Sure, one man’s trash is another man’s treasure — but for this Texas mom, one man’s trash is her main source of income.
Tiffany She’ree, 32, left her job as a canteen server in 2020 when she realized she could earn up to $1,000 per week by selling off tossed-away items that she found by dumpster diving at garage sales.
For She’ree, who has four children and 2 million followers on TikTok, dumpster diving has been a pursuit for several years.
“I’d never heard of or thought about dumpster diving before I randomly saw a video on YouTube of these girls dumpster diving,” she told the Daily Mail. “When I saw the haul they came back with I knew I had to try it for myself.”
In 2017, she gave it a whirl for the first time and found skin care products and some $1,200 worth of makeup. Since then, she and her husband Daniel Roach, 38, have gone out on trash hunts together. Not only does it pay the bills from the resale, but they’ve also furnished the bulk of their home with items they found in the trash.
She’ree uses TikTok to show her dives, from dumpsters outside of stores including Victoria’s Secret, Party City and Ulta. The discards range from items with slightly damaged packaging to returns that can’t be sold again. She recently scored a $750 coffee machine from Bed Bath & Beyond and unopened makeup worth hundreds of dollars.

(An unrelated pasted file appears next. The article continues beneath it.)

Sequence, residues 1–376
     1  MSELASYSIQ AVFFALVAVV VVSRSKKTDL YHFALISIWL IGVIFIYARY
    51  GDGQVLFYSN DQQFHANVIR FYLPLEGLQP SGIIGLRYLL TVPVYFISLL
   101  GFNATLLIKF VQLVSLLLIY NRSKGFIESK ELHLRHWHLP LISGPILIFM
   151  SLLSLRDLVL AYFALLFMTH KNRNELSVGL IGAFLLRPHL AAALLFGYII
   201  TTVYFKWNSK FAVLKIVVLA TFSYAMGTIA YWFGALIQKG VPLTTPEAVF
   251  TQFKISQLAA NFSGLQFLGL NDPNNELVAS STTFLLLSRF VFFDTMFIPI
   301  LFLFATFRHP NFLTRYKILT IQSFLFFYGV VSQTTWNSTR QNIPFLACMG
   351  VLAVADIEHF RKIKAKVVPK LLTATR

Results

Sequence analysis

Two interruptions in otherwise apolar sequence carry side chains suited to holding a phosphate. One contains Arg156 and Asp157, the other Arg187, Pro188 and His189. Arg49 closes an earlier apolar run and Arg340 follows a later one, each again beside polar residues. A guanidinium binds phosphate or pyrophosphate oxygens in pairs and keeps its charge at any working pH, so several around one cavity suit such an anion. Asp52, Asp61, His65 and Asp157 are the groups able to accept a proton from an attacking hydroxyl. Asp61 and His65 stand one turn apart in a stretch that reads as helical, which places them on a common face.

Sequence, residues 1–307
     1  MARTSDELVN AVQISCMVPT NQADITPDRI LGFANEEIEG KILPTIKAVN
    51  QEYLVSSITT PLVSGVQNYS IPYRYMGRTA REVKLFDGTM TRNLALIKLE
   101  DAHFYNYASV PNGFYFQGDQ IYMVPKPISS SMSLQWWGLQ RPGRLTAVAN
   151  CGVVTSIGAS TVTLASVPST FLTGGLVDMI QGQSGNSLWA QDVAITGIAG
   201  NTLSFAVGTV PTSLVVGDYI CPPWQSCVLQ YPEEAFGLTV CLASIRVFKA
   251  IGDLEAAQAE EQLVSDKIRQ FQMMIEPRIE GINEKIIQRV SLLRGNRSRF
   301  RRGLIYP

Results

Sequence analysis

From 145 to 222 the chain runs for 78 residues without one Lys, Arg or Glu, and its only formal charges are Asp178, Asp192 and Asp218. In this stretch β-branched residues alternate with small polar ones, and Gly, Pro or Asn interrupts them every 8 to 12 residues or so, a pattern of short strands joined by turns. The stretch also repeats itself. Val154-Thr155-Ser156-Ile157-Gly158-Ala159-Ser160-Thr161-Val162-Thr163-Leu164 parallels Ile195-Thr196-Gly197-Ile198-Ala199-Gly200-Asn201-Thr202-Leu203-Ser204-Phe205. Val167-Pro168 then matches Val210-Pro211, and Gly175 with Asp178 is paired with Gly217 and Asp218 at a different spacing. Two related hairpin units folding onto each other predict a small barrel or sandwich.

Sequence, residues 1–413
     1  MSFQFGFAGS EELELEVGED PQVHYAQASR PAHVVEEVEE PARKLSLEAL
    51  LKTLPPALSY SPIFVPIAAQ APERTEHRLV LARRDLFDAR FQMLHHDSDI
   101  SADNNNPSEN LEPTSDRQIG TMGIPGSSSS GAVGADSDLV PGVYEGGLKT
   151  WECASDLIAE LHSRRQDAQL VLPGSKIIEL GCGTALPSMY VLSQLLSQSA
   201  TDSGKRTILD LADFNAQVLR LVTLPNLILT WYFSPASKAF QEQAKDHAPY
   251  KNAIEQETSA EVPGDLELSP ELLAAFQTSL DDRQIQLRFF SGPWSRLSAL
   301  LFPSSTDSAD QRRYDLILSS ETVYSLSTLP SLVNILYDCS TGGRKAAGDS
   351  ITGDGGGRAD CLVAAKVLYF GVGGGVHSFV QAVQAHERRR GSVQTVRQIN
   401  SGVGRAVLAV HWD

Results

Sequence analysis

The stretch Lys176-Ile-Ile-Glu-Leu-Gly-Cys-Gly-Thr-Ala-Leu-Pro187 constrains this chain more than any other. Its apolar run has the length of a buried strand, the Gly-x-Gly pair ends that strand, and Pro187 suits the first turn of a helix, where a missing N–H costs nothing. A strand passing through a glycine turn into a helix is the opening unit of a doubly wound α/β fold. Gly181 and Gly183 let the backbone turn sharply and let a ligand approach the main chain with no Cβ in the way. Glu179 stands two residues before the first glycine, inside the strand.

“I’ve found bedsheets, pillows, blankets, towels, little odds and ends, even pet products like cat trees and dog cages,” she added.
Though it’s been all good for her, her dumpster-diving lifestyle has been called trash by others.
Some have said that these hunts are the same as stealing, but in the US, it’s actually legal, according to the Daily Mail. Still, she’s had her videos removed from TikTok for reasons that include “illegal activities and unregulated goods” in her uploads.
But she fights back, telling the haters that if she hadn’t fished the goods from the dumpsters she hits, they would have gone into landfills.
“I’m happy that I’m saving items from landfills and doing my bit to help the environment and keep the planet clean,” she said.
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